Next to the stock exchange building, in the heart of Brussels, is a fascinating little archaeological site. It contains the remains of the Franciscan monastery founded in Brussels in 1238 and the tomb of Duke John I of Brabant.
The foundations and various other objects offer a glimpse of an unknown side of the history of Brussels, and at the same time give a good idea of the different aspects of an archaeological dig.
At the beginning of the 19th century, a butter market occupied the site. At the end of the century it was replaced by a trade market.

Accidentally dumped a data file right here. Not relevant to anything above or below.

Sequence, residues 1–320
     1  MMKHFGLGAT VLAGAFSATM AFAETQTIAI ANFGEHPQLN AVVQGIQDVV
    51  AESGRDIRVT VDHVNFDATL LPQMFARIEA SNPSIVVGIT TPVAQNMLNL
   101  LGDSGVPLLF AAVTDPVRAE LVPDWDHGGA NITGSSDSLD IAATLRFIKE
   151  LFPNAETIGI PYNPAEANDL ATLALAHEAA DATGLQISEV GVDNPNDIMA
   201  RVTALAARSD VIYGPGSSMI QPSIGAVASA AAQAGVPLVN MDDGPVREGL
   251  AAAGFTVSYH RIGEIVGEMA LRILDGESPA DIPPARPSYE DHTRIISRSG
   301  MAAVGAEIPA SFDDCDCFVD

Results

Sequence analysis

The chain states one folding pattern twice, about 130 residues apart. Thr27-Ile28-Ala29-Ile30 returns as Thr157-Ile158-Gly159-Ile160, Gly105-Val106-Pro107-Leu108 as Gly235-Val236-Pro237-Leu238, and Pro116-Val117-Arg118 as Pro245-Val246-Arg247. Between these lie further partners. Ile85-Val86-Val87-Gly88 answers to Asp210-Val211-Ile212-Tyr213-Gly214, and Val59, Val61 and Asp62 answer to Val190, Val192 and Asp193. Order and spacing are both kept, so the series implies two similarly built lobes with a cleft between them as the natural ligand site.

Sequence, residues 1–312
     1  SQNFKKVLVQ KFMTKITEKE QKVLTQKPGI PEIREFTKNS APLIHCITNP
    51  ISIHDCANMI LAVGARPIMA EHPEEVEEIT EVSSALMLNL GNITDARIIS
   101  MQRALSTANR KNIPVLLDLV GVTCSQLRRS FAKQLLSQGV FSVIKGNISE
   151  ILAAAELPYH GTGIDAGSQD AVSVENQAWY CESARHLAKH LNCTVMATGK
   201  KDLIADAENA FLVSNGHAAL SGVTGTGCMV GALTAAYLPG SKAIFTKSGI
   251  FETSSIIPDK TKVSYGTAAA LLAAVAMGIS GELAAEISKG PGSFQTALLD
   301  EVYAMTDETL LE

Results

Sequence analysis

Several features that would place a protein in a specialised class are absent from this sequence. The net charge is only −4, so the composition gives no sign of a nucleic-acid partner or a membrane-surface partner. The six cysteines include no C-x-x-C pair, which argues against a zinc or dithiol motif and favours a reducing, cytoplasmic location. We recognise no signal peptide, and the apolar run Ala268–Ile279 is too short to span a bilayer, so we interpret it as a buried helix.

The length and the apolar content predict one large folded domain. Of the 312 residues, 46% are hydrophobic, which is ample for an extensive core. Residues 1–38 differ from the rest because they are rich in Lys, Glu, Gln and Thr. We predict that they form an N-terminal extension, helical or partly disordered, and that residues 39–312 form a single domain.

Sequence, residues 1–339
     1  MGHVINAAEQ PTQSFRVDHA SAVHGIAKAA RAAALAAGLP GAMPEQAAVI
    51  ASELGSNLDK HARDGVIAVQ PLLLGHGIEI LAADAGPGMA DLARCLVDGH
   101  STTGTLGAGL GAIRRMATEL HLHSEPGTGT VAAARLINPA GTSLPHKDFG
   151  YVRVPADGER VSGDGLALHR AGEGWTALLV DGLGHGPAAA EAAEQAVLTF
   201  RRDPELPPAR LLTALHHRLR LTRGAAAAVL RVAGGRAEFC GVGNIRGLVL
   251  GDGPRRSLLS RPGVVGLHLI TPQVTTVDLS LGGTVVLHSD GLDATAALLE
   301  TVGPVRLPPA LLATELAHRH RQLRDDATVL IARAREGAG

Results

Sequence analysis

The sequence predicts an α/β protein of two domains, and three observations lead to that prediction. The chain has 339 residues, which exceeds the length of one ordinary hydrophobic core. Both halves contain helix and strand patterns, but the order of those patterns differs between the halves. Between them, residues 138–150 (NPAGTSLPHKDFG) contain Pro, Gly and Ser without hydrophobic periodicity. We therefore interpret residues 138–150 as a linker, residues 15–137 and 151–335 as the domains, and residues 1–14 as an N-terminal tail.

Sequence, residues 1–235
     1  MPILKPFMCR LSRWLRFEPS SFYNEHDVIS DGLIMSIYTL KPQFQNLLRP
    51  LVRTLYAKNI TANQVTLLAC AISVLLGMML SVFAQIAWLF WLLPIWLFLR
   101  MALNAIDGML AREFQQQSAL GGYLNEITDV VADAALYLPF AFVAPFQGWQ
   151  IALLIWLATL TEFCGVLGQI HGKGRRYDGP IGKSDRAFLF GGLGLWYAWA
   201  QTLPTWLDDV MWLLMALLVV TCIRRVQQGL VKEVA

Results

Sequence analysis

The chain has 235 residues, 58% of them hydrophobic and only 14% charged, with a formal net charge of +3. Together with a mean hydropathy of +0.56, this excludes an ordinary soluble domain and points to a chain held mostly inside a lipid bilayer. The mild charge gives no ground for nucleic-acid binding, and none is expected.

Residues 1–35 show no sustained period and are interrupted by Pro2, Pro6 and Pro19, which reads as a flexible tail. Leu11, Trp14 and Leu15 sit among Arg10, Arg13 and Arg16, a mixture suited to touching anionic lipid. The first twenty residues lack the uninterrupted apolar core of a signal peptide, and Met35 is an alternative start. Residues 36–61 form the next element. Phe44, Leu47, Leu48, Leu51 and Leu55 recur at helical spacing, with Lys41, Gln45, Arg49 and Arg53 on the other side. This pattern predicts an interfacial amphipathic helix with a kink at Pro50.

In 1988, renovation works on the Rue de la Bourse allowed to uncover numerous graves as well as the choir of the conventual church.
With the cooperation of the Royal Society of Archaeology of Brussels, the site was opened for the public in 1994 by the City of Brussels.
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